Saturday, July 26, 2014

Boyhood? Boyhood!

Richard Linklater is no stranger to experimentation.  He flexed his creative muscles with oddities like 2001's Waking Life and 2006's A Scanner Darkly, which used a custom made rotoscoping program to create a visual style that landed somewhere between animation and live-action.  His real accomplishment is the Before series, a sequence of films, released nine years apart from each other, that depict the complicated relationship between two lovers.  1995's Before Sunrise, a lovely film about strangers meeting and forming an instant and powerful connection, was a great enough movie on its own.  But the true surprise came when Linklater picked up on Jesse and Celine's story nine years later in 2004, with Before Sunset.  Each installment is an examination of relationships, taking a snapshot of the two characters at a certain period in their lives, and 2013's Before Midnight effectively explored the difficulties of maintaining a marriage.  Part of the brilliance of the series is the fact that viewers watched these characters grow and change over the course of 18 years.  It's all about the accumulation -- each movie carries more weight because audiences have mapped the characters' shifting worldviews, and the dulling or reignition of their passions.

His latest film, Boyhood, attempts to accomplish all of that in the span of one 166-minute film.  Shot in pieces over the course of 12 years, it tells the tale of one boy's life from 1st to 12th grade.  Mason (Ellar Coltrane) starts off as a six year old in a small Texas town, living with his mother (Patricia Arquette) and older sister (Lorelei Linklater).  Each year of his young life is portrayed in a few snippets, which depict him as a curious, introspective, well-meaning child.  But the film also deftly sketches him out through signifiers of the era.  Mason loves Dragon Ball Z, he waits in line at midnight on the release day of Harry Potter and the Half Blood Prince, and he watches viral videos on Funny or Die.  (To add to that, the passage of time is usually punctuated by a popular song of the given year.)  Anybody who grew up against the backdrop of the 2000s will recognize Mason because he is them.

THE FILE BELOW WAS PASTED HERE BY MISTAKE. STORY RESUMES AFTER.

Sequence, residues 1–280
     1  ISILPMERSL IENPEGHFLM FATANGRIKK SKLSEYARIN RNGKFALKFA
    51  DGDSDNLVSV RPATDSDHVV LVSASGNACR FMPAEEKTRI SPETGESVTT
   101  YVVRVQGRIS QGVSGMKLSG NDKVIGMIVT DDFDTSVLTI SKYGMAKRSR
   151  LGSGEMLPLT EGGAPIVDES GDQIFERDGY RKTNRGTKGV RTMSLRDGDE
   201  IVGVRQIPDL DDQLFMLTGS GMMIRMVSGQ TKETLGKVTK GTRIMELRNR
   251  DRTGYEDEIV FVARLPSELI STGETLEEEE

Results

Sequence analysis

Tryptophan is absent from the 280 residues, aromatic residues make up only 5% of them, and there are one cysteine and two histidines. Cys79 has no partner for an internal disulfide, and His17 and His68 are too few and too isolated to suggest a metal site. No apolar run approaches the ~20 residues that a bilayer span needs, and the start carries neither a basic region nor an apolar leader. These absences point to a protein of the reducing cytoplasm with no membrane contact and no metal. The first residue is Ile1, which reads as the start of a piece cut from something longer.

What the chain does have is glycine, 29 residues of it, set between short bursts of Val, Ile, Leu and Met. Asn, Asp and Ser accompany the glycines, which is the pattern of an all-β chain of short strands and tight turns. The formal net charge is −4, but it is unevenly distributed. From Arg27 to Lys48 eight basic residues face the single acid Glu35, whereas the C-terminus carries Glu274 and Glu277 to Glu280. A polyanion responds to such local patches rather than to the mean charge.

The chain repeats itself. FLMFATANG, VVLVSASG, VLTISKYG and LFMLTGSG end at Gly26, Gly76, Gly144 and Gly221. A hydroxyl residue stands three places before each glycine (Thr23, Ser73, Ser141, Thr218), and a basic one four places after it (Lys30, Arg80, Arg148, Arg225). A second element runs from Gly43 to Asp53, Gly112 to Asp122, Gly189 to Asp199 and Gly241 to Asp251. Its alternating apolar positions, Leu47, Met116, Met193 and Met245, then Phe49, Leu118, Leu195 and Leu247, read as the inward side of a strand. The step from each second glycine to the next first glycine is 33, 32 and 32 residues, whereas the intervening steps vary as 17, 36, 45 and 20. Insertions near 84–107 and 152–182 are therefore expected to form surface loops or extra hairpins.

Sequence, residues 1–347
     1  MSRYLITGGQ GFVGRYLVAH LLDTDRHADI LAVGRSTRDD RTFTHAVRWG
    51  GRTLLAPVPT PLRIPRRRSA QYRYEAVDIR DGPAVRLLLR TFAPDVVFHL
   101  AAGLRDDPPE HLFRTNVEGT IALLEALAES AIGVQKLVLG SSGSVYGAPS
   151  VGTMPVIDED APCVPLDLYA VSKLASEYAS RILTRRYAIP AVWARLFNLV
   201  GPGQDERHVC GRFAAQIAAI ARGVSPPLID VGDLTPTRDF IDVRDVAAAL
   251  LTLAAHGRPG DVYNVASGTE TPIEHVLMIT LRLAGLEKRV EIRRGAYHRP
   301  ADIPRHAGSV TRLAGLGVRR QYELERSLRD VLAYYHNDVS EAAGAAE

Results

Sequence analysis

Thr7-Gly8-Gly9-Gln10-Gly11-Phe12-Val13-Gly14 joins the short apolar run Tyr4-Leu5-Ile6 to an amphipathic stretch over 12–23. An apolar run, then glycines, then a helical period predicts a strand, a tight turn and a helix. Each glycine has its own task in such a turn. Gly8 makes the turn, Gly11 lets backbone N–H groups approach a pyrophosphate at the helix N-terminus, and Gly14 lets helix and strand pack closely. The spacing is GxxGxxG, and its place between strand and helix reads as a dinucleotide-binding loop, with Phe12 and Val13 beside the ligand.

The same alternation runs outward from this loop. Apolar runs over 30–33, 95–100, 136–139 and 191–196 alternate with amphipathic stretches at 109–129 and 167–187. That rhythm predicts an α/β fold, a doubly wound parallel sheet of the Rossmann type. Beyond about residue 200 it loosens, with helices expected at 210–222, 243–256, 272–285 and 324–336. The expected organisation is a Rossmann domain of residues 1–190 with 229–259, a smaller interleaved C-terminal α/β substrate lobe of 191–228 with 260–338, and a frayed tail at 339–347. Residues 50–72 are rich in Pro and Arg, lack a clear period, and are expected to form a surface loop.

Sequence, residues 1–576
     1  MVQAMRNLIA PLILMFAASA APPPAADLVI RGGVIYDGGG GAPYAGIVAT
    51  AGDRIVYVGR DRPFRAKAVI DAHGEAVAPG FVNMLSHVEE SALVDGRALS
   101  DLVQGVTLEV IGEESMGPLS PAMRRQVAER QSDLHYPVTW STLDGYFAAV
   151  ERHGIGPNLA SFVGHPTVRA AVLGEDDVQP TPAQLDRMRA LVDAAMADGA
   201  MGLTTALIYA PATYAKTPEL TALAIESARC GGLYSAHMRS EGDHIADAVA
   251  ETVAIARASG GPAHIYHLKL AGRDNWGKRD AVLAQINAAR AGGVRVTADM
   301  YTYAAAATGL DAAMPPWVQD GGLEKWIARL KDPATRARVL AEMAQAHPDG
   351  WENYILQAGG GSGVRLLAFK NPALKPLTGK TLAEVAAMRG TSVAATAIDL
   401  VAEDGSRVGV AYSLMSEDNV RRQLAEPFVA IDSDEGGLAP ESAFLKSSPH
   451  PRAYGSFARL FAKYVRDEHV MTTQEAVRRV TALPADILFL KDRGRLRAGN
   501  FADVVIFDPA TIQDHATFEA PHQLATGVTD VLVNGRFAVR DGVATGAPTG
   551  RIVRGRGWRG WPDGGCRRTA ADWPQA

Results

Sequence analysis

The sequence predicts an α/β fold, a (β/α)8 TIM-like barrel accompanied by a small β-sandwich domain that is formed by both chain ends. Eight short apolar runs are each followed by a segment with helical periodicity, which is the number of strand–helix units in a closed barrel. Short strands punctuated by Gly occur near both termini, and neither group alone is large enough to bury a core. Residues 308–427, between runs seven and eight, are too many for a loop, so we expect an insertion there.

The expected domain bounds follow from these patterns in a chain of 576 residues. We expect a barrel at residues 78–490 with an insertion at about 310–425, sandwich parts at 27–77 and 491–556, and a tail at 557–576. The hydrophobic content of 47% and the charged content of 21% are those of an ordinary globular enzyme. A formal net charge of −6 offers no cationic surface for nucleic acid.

Yet despite the specificity of its timespan, Boyhood crafts a universal narrative about aging and familial relationships.  The film is able to say so much with its editing, mapping the forward march of time through new haircuts, increased heights, and location changes.  Mason looks on as his mother embarks on a few unsuccessful marriages: one with a college professor whose drinking problem causes him to violently lash out, and later with an Iraq war veteran who disappears offscreen.  Meanwhile, he only gets to see his wayfaring father (Ethan Hawke) on weekends and special occasions.  Everyone -- regardless of the era they grew up in -- can find something relatable in that feeling of being at the mercy of decisions outside of one's control or understanding.

Like with the Before movies, the film's script was a collaborative process with the four leads.  As a result, every voice and perspective feels authentic.  While other films usually struggle with making young characters sound and feel believable, Boyhood manages to accurately capture the speech patterns and thought processes of every stage of Mason's development.  Linklater adapted the script to fit the actual changes in Coltrane's interests over the years, making Mason's progression from a pensive kid to an artistic teen feel less like transformation for the sake of story and more like organic growth.

That growth doesn't just occur in front of the camera, but behind it as well.  By the time filming began in 2002, Linklater had already made impressive films like Slacker, Dazed and Confused, and Before Sunrise.  But Boyhood is an exercise in watching a filmmaker hone his skills and become a more confident director over the course of nearly three hours.  Because the story doesn't fit a conventional mold, it's difficult to pluck out an arc at first, and those early scenes are a little less tightly composed.  But much like it's hard to find significance when looking at life under a microscope, this movie comes together after pulling back and picking out neat themes and patterns.  It's a collection of moments because life is a collection of moments -- the meaning comes from the way they fit together.

Boyhood is a very overwhelming film.  It hits you with wave after wave of small emotions that build upon each other.  By the time you've watched Mason go off to college, you've seen one boy's entire youth in almost three hours.  Once the credits roll, it's hard not to think about the profound change that you've experienced throughout your own life and wonder where all that time has gone.  The fact that this massive endeavor was carried out to completion would make it worthy of praise alone, but Richard Linklater's ability to concoct a profound, compelling narrative out of an experiment is what makes Boyhood the best film of the year so far.

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